Meet Cindy Freland of Maryland Secretarial Services, Inc.

Web URL:
Years in Business:   15
Type of Business:     virtual assistant
Works:   99% virtually, however, sometimes will go on-site.
Facebook Page 
Twitter ID:  @webmss
Ruth:  Welcome to The Naked VA blog Cindy. It’s great to have you here. Tell us about yourself.

Cindy: I am an award-winning virtual assistant. I help can you become more organized and less stressed so you can concentrate on your revenue-generating tasks. I do all your administrative tasks including data entry, desktop publishing, business card scanning, word processing, social media networking and transcription.

Ruth: Would you share what led you to consider a virtual profession and how you got started?

Cindy: My kids were very young at seven and five years old. I had just separated from my husband and I needed more income. I had worked for a major health insurance company for 22 years and I had acquired vast knowledge and skills in word processing. I started out slowly with my own income, added more skills, equipment and marketing as I progressed. I started out in 1997 part-time while keeping my full-time job. I went full-time in 2000 when I acquired a huge data entry job from a record storage company. That project employed ten subcontractors, kept us busy for more than a year, and paid over $100,000.

Ruth: I love how you knew what you wanted, started slow, and built a strong business that’s been serving businesses for the past 15 years. Along the way have you had a mentor or sponsor to support, guide, encourage and open doors for you?

Cindy: I really never had any help except when I started attending Meet Ups in 2007. Rose Woodruff of Executive Decision Coaching has been a huge help to me. She is a business coach and has helped me with great tips and suggestions. She has helped me grow personally, as I NEVER would have thought to speak in public or teach workshops. She has become a great help to me as well as a very dear personal friend.

Ruth: I know you do quite a lot of in-person networking and teaching events. If you could share a nugget of insight or bit of advice for someone considering a virtual career such as yours what would that be?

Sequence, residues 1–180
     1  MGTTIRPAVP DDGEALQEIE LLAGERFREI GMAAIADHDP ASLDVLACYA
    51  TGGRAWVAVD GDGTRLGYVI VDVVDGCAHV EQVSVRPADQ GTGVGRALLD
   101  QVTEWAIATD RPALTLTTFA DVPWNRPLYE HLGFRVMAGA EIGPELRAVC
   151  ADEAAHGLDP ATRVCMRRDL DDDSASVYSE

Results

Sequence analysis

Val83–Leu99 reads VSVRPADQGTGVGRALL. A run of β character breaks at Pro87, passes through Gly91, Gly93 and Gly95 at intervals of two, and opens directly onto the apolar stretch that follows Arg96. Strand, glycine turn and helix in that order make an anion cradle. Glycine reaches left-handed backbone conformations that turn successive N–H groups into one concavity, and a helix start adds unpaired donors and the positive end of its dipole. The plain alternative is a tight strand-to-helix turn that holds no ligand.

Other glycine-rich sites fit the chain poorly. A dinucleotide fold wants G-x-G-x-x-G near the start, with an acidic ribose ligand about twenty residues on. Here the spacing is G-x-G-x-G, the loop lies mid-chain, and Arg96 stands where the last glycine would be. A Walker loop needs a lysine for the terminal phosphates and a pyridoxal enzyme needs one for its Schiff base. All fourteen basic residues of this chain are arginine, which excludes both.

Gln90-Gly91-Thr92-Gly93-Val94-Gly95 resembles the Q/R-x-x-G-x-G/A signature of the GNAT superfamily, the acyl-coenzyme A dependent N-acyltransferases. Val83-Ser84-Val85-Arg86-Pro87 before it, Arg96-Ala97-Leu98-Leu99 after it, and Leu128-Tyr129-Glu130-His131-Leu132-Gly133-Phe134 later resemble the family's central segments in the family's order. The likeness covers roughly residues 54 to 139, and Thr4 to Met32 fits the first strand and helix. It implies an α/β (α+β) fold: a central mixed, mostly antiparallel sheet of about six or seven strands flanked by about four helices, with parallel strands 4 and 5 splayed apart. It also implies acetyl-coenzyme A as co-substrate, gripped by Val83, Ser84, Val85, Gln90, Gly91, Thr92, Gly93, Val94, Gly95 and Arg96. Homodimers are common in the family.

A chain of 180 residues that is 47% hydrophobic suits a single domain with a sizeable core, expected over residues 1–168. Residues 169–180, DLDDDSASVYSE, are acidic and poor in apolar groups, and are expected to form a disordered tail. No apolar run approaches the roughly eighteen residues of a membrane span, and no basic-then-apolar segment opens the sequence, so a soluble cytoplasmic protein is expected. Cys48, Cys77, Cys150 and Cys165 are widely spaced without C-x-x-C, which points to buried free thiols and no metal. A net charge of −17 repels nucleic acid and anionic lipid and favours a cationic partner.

Cindy: Since you will be starting your business from “scratch” and not have a major corporation backing you with name recognition and a huge marketing department you basically have to do it all yourself. That means you have to market yourself. Follow-up every day with people that you meet. Don’t wait for them to come to you as they might not ever find their way. You have to keep your company name in front of them through networking events, direct mail, social media, email newsletters, articles, blogs, and phone calls.

Ruth: The follow-up is so important. I’m glad you mentioned that plus shared some ways to keep your business name to the front of someone’s thoughts. Now tell me, what bits of advice would you give someone seeking a virtual professional such as yourself? 

Cindy: I suggest they write down what tasks they want to delegate to a virtual professional. Start out with 1-3 tasks to try; including possibly business card scanning or Facebook page design. Discuss the details with the virtual professional, such as, in what format will the work be delivered to them, in what format will the completed work be delivered to the client, what is the pay, when will payment be made, how long will it take? It helps to write everything out or send an email so the client and the virtual professional can see the details.

Ruth: Yes, having these vital pieces in writing helps avoid confusion when discussing scope and expectations. These tips are sure to be helpful for those beginning a relationship with their VA. Any last thoughts or comments you’d like to share with our readers?

Cindy: Building a business does not happen overnight. It takes time and sometimes 3-9 months to get a client. It takes constant follow-up to keep people remembering what you offer. Attend as many networking events as possible and follow-up within 24 hours. I have written several articles that might help you. They are listed on my website at

Ruth: This has been an insightful interview, Cindy. I appreciate you taking the time to talk with me.

Cindy is authoring a book, An American Virtual Assistant, to be released September 2012. This spiral-bound book (also available as an eBook) is the compilation of the good, bad and ugly of being a virtual assistant in the United States. It will contain step-by-step instructions on how to start and grow a successful VA business from the comfort of your home. It will also contain stories, tips and information from up to 15 virtual assistants (including a submission from Ruth Martin of MaplewoodVA) and other helpful business owners. Have you started a virtual assistant business recently or have you been a VA for many years? It doesn’t matter where you are in the plan this book will give you some insights about what it’s really like for real-life virtual assistants.

You can purchase a pre-print copy of the book by clicking here.

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